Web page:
What drives the galaxies? The Milky Way’s black hole could be the key

May 12 in nine simultaneous press conferences around the world, astrophysicists revealed the first image of the black hole at the heart of the Milky Way. At first, as impressive as it was, the painstakingly produced image of the ring of light around our galaxy’s central well of darkness seemed to simply prove what experts already expected: the Milky Way’s supermassive black hole exists, is spinning. and obeys the theory of general relativity.

Yet, upon closer inspection, things don’t stack up.

From the brightness of the bagel of light, the researchers estimated the rate at which matter falls on Sagittarius A *, the name given to the central black hole of the Milky Way. The answer is: not fast for nothing. “It’s clogged up to a small trickle,” said Priya Natarajan, a cosmologist at Yale University, comparing the galaxy to a broken shower head. Somehow only one thousandth of the matter flowing into the Milky Way from the surrounding intergalactic medium reaches all the way down and into the hole. “This is turning out to be a huge problem,” Natarajan said. “Where is this gas going? What’s happening to the flow? It is very clear that our understanding of black hole growth is suspect. “

Over the past quarter century, astrophysicists have come to recognize what a close dynamic relationship exists between many galaxies and the black holes at their centers. “There has been a really huge transition in the field,” says Ramesh Narayan, a theoretical astrophysicist at Harvard University. “The surprise was that black holes are important as modelers and controllers of the evolution of galaxies.”

These giant holes – concentrations of matter so dense that gravity prevents even light from escaping – are like the motors of galaxies, but researchers are only beginning to understand how they work. Gravity draws dust and gas towards the galactic center, where it forms a swirling accretion disk around the supermassive black hole, heating up and turning into incandescent plasma. Then, when the black hole swallows this matter (in drops and discharges or sudden bursts), the energy is spit back into the galaxy in a feedback process. “When you grow a black hole, you produce energy and discharge it into the surrounding environment more efficiently than any other process we know of in nature,” said Eliot Quataert, a theoretical astrophysicist at Princeton University. This feedback affects star formation rates and gas flow patterns across the galaxy.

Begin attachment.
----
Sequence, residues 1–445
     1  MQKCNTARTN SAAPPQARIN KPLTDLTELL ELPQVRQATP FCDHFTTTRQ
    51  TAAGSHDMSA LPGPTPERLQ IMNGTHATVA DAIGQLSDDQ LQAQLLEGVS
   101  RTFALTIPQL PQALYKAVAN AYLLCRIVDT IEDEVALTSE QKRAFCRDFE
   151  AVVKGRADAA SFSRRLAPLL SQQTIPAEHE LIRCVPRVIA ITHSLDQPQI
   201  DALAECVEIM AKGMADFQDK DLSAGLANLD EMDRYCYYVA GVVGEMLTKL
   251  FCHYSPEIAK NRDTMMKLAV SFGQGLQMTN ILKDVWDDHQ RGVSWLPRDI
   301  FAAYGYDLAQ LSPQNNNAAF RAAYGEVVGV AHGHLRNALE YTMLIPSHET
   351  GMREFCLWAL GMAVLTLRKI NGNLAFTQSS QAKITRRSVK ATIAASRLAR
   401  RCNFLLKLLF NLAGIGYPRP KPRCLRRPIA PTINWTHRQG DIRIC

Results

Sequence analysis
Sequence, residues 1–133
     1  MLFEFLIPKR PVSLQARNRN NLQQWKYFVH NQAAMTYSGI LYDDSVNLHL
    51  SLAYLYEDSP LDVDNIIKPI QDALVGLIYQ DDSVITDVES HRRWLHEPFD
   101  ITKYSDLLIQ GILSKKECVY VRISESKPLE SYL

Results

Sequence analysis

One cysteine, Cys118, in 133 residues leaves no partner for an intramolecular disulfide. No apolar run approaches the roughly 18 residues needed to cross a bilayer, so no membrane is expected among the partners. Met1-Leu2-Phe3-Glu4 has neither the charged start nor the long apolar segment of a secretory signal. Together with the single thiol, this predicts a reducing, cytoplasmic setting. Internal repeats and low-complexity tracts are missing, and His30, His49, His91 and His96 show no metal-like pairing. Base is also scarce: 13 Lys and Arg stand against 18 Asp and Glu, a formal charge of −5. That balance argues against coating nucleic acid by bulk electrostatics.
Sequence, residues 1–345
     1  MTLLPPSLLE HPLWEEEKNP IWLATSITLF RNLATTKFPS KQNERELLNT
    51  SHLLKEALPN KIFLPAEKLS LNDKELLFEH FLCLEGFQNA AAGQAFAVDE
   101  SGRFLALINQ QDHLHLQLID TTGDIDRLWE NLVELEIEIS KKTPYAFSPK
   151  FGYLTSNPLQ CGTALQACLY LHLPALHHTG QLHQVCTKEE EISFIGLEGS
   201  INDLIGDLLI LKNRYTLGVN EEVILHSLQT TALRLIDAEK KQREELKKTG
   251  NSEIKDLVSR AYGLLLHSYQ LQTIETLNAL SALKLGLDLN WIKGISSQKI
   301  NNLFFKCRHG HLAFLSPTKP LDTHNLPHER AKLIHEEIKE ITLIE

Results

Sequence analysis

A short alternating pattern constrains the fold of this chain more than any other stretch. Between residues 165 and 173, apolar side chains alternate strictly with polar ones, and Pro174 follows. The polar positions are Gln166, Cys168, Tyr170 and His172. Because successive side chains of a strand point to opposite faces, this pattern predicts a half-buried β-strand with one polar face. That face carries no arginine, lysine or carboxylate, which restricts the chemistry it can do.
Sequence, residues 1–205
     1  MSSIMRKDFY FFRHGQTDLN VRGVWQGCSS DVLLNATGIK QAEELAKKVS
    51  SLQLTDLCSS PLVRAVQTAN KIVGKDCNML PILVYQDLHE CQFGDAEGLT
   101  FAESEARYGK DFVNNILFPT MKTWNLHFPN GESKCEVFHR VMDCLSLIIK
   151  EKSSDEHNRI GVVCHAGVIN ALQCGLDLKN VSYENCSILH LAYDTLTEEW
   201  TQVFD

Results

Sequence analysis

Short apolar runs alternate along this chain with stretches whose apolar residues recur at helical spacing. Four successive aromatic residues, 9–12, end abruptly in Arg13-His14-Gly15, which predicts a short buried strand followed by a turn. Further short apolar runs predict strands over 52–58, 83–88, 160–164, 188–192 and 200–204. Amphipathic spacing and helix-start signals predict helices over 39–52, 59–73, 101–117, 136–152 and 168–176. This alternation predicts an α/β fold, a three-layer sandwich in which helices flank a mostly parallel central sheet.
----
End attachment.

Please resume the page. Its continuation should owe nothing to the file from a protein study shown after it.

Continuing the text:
But researchers have only vague ideas about the “active” episodes of supermassive black holes, which transform them into so-called active galactic nuclei (AGN). “What is the activation mechanism? What is the off switch? These are the fundamental questions we are still trying to come up with, ”said Kirsten Hall of the Harvard-Smithsonian Center for Astrophysics.

Stellar feedback, which occurs when a star explodes as a supernova, is known to have similar effects to small-scale AGN feedback. These star motors are easily large enough to regulate small “dwarf” galaxies, while only the giant motors of supermassive black holes can dominate the evolution of larger “elliptical” galaxies.

In terms of size, the Milky Way, a typical spiral galaxy, lies in the middle. With few obvious signs of activity at the center, our galaxy was long thought to be dominated by stellar feedback. But several recent observations suggest that AGN’s feedback also shapes it. By studying the details of the interplay between these feedback mechanisms in our natal galaxy and addressing puzzles such as the current darkness of Sagittarius A *, astrophysicists hope to understand how galaxies and black holes co-evolve in general. The Milky Way “is becoming the most powerful astrophysics laboratory,” Natarajan said. Acting as a microcosm, “it can hold the key”.

Galactic Engines

In the late 1990s, astronomers generally accepted the presence of black holes in the centers of galaxies. At that point they could see close enough to these invisible objects to deduce their mass from the movements of the stars around them. A strange correlation has emerged: the more massive a galaxy, the heavier its central black hole. “This was particularly tight and it was totally revolutionary. Somehow the black hole is talking to the galaxy, “said Tiziana Di Matteo, an astrophysicist at Carnegie Mellon University.

The correlation is surprising when you consider that the black hole, however large it is, is a small fraction of the size of the galaxy. (Sagittarius A * weighs about 4 million suns, for example, while the Milky Way measures about 1.5 trillion solar masses.) For this reason, the black hole’s gravity only strongly attracts the innermost region of the galaxy.

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